Fortunately our ride was slow. It was a 32-mile social ride with some good friends I hadn’t seen in awhile. I rode from the house to get a few extra miles, but not much faster. In total it turned out to be almost 55 miles at a 15mph average, slow for me. There were a couple highlights, such as sprinting on a fast stretch at a 35mph clip. Most importantly it was a fun, easy ride, just what I needed.

Oddly enough, this morning I woke up with a workout hangover. This is the most sore I have been for a long while, including the challenging mountain trips I made a couple weeks ago. That probably has more to do with the running, since it works different and underused muscle groups. It’s all good for me and I plan to continue the cross-training throughout the year.

Bike ride Strava link

SVPC Habitat for Humanity Ride, 2011, Columbia SC

There was only one ride planned this weekend. I was aware of the Spring Valley Presbyterian Church ride and hated to miss it, but knew that after my Beach journey, I would probably be too tired. Rather than commit to something I couldn’t handle, weeks ago I offered my services as a volunteer. After getting everyone together, Ride Coordinator Tim Bostick decided to place me at a key intersection to direct traffic. This is a turn that comes fast early on in the ride. We missed the turn during the Ride2Recovery a few weeks back and inadvertently added some extra miles.

Great. That’s about as easy a job as one could get. The thing is, I absolutely loved the Ride2Recovery a few weeks ago, and this was the exact same course. Even though it was against my better judgment to ride, I still had that itch. This also happened to be one of my first organized rides last year. I chose the 62-mile route, which was my longest ride at that time. I remember it fondly and had a desire to reconquer the ride.

I lucked out when John Quinn dug up a Carolina Cycler’s sign that would work perfectly at the intersection. That sign combined with a pre-ride warning from Tim would effectively eliminate my position. John mentioned it to me late in the day and Tim sent me a Facebook message much later at night. My spot was covered. I could ride. Thanks John and Tim!

For the R2R, I started the ride out in front. With another cold morning, this time I decided to lay back and get myself warmed up before pushing too hard. A fast lead pack emerged and I thought about going after them. That thought quickly went away. I bit my lip and let them go. Good thing because I would have just been chewed up and dropped a few miles down the road. I found out later that this spirited lead pack would finish the hilly course in under 3.5 hours. No thanks.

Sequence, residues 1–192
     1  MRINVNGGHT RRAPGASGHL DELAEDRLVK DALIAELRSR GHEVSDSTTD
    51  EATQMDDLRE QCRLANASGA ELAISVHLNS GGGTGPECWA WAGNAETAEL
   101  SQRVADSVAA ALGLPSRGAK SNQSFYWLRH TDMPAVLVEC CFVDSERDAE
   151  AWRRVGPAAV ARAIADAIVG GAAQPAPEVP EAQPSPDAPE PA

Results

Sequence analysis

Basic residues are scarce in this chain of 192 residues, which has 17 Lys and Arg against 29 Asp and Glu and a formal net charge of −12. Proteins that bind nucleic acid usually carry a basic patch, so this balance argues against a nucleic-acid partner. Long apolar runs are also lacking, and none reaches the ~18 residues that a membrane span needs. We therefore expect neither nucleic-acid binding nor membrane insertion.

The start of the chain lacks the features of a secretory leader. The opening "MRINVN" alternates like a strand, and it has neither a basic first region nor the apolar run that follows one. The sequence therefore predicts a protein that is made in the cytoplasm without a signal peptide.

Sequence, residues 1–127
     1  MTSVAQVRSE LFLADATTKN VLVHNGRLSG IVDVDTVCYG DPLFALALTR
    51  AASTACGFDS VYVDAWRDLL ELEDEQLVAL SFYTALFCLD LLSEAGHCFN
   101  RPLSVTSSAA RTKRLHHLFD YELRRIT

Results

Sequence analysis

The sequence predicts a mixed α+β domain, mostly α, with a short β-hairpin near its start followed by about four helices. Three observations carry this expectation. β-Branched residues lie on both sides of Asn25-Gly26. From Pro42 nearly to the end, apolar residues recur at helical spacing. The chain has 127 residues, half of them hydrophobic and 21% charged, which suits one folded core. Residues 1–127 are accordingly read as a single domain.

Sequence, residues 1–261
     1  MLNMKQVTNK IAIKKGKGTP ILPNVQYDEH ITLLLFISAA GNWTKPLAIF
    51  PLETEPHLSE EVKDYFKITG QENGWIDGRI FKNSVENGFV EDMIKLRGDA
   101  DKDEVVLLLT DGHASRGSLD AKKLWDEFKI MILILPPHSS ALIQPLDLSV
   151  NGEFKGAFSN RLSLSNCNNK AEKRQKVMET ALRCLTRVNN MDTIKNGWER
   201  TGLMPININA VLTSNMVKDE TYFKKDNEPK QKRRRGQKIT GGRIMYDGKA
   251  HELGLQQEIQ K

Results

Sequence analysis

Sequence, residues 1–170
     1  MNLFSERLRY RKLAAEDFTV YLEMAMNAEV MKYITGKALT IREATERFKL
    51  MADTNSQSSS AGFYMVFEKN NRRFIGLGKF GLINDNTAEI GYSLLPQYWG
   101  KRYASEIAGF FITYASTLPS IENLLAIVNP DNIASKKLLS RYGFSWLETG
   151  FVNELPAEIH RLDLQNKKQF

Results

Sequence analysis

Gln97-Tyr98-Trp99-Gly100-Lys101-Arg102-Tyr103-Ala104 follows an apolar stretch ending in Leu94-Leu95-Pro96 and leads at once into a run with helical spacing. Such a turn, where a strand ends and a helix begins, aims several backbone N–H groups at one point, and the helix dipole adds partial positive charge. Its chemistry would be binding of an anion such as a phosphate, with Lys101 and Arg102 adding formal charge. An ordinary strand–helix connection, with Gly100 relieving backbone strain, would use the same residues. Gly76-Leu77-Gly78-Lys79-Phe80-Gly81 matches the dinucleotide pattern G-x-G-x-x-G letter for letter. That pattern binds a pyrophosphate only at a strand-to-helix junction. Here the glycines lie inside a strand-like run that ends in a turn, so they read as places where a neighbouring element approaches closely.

Unlike the last ride where we pretty much rode as a pack the entire day, this one was more fragmented. The first pack I rode with was around five riders, but we would split apart on the hills. Some guys would go up faster, others would go down faster. There wasn’t a whole lot of regrouping or drafting. This worked for me because I didn’t quite have my normal ability after yesterday’s ride and remnants of the Beach Ride.

The second pack that I fell in with was Vince, who I know well, and a number of Army riders. It was pretty much the same with them. They would ride together on the downhills and flats and then split up on the hills. Vince and I ended up passing them on the hills and rode together for much of the way.

I was still undecided on which route to take. Part of me wanted to turn my chips in, eat lasagna and watch some football. The other part of me, the crazy part, wanted me to keep going and not stop. When we got to the Lake Road turnoff, the crazy part won out. We turned left and enjoyed the scenic extension.

Lake Road Revisited

Lake Road was even prettier this time thanks to the Fall colors. The temperature finally warmed up to the mid-50s, which made for a comfortable ride. There are a few little hills, some of which are short and steep, but overall it is a smooth, relaxing ride. The last time we went through it quickly. This time Vince and I took a more relaxed pace. We enjoyed the scenery and talked our way through it.